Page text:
In order to make C code "safe", even against a malicious developer, then you have to fix the core issues of C, which have all been repeatedly exploited for arbitrary code execution (exactly what you want to avoid):
Weak types. In C, you can take a bunch of bytes, and interpret them as a pointer, an integer, or whatever. All it takes is a cast. As long as such casts are possible, then the language won't be safe. You need to enforce strict unescapable types.
Unchecked array accesses. C gives you pointers and from these you can read and write arbitrary bytes in RAM, with no control. From these follow buffer overflows, which can lead to security holes. In your new language, you must enforce strict array bound checks.
Manual memory management. In C you dynamically allocate memory with
malloc(), and then release it with
free(). Nothing prevents you from trying to access a memory block after having freed it, or freeing it twice (these are the classic use-after-free and double-free, both leading to serious consequences). Lack of
free() can also imply memory leaks, which can be bothersome. In your new language, you must do something to prevent these memory management issues, and that is called automatic memory management, which is most often done with a garbage collector.
Down this road you get Java. Or C#, if you prefer. This works, but it is a considerable development effort. Moreover, the systematic checks on array bounds can imply a non-negligible overhead. For purely computational tasks with no I/O bottleneck (no disk access, no network access, and all data fits in the CPU L1 cache), I typically get a factor of 2 to 4 between optimized C and optimized Java (tested on numerous cryptographic algorithms such as hash functions; also on zlib-compatible compression). For some algorithms the slowdown was smaller (Java code was achieving up to 70% of the speed of C code), but that's rare. For the specific task of computations with big integers, Java is more like 6 times slower than C+assembly, because of the lack of support for the 64x64->128 multiplication opcode.
There are two main roads out of this (assuming that the overhead of a Java-like language is not acceptable to you). The first one is to try to use formal verification. The concept is that the code will be executed only if it can be proven that it "behaves properly". In essence, Java is doing a weak form of verification, in that the JVM proves that a piece of code does not do anything wrong like using a reference with a wrong type; but that verification relies on systematic checks, e.g. on casts and array accesses, and also the presence of the GC. Formal verification is an active research area, whose scope extends beyond security: basically, this is about proving correctness, i.e. absence of any bug.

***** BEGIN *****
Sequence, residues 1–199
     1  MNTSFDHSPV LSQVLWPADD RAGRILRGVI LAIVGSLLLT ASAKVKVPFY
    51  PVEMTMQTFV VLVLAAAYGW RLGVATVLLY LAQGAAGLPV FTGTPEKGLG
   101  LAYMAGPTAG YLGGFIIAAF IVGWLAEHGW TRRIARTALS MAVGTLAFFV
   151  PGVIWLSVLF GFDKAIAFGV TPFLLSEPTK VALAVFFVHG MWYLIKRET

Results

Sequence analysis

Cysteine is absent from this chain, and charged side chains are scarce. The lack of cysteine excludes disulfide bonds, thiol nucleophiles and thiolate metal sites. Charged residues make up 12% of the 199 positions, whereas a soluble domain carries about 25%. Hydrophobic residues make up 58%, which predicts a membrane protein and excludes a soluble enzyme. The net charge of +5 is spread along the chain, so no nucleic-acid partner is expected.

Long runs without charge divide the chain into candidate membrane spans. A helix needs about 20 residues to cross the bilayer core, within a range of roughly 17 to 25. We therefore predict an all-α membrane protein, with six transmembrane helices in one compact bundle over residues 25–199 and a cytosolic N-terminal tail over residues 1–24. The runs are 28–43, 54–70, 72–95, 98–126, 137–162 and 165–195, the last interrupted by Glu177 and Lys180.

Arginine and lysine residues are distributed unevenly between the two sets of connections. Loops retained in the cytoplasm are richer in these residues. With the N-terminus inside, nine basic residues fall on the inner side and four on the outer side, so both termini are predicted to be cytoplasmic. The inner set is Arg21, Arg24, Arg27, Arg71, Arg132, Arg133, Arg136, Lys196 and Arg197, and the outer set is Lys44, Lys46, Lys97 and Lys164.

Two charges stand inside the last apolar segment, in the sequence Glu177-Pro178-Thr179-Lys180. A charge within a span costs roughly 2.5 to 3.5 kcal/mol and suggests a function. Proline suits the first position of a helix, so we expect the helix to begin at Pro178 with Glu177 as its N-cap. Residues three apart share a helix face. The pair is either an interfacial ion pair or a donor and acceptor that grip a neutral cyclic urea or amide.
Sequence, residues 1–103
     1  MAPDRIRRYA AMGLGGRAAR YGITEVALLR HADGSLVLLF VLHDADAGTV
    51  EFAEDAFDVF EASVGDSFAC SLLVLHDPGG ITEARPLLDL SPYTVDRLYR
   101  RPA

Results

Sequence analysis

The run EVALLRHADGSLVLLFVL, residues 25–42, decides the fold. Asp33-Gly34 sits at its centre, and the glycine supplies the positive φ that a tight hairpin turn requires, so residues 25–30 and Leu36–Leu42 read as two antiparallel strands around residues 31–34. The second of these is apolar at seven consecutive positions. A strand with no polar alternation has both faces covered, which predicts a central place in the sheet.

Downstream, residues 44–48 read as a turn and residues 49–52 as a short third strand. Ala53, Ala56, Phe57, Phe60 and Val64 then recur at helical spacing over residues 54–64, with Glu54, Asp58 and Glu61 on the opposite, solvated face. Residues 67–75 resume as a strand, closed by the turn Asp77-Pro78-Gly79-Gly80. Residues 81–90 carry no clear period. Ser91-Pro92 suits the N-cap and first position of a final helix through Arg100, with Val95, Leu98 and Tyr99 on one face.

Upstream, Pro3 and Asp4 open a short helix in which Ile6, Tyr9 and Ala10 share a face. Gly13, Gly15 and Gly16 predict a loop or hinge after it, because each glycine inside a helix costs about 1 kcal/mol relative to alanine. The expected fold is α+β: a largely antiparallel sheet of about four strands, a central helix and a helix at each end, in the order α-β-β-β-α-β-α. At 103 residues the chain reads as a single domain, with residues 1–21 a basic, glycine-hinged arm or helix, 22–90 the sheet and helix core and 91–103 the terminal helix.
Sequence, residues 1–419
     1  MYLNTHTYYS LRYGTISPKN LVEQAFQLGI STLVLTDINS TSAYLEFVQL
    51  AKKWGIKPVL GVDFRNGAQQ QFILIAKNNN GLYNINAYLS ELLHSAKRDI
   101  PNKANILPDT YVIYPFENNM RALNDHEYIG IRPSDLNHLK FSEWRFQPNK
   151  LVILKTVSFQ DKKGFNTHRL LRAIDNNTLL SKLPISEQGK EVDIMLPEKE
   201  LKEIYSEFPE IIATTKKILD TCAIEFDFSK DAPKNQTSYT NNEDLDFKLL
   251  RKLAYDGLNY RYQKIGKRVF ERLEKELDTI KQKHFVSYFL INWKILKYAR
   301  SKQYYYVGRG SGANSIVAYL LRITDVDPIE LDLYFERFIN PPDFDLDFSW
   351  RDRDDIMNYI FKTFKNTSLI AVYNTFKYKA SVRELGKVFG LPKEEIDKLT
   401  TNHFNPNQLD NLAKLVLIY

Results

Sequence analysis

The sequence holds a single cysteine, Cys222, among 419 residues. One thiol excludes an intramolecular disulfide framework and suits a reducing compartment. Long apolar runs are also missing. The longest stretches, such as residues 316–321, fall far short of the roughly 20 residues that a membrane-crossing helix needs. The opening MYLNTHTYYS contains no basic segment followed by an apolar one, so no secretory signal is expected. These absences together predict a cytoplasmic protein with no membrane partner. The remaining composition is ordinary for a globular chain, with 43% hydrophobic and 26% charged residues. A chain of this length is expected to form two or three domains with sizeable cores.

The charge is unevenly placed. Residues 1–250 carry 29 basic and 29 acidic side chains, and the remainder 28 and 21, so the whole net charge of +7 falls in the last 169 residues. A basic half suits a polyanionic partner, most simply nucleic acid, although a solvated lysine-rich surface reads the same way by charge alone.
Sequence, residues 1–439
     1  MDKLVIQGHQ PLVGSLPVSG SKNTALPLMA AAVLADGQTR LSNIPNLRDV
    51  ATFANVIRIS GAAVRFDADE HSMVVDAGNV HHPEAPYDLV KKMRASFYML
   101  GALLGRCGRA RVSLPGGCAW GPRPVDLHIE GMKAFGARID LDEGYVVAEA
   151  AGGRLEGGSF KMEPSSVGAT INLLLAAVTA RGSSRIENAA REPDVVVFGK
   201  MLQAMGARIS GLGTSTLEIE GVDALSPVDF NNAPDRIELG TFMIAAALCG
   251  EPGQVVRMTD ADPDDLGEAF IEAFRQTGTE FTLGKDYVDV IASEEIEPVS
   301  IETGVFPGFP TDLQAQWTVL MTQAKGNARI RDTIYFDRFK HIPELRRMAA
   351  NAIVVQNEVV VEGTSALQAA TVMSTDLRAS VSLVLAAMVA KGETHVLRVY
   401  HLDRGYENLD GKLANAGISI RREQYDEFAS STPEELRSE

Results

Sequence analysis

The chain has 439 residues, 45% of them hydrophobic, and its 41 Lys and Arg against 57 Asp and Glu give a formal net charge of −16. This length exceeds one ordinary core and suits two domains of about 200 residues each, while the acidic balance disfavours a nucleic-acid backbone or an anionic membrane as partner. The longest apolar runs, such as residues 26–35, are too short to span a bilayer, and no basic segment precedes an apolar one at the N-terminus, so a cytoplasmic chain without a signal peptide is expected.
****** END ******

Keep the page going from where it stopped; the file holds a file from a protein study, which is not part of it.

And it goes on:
There are good mathematical reasons why a generic verifier which works on all possible programs cannot exist. Researcher still hope to improve things in several directions:
There are programs for which proofs are feasible. For instance, a program with only
if but no loop, and no recursive call, cannot loop "forever": that's an example of an easy proof of correctness for programs which follow some specific rules. Researchers try to define more useful sets of rules which still allow for proofs.
The human developer may provide proof elements. There are constructions for which no algorithm is known to generate the proof, but a developer-provided proof can still be verified. Assertions fall in that category.
We may find optimizations: starting from a generic "safe" language like Java, an automatic prover might find "occasions", e.g. code chunks where it can be proven that some array accesses are necessarily fine, thus allowing for removal of the corresponding checks. In fact, modern JVM apply such strategies, which is why they are not as slow as could be feared. Many researchers believe that there still is room for improvements.
However, right now, don't hope for too much: existing top-of-the-line Java and .NET virtual machines are about the best that can be done for now.
The other method is to surrender the CPU to the potentially hostile code, and instead move the security perimeter at an upper layer. The "plugin" is executed in an address space of its own; the MMU blocks unwanted accesses. The plugin code can do all the memory accesses that it wishes: it will see only its own code and data. If the code tries system calls, then the kernel knows not to honour them.
Among incarnations of this method are FreeBSD's jails and Linux's seccomp. The same concept at a still higher level is virtualization with hypervisors: the guest can be a full operating systems, with access to disks, network... and yet all this hardware is virtual and the guest cannot escape from the closely guarded perimeter set by the hypervisor.
The main problem with that kind of isolation is overhead for data exchanges. If your "plugin" must consume a lot of data from the application into which it is plugged, or if it produces a lot of data for that application (typical example: video codecs), then the moving of data between the two worlds, beyond the MMU/hypervisor barrier, can kill performance.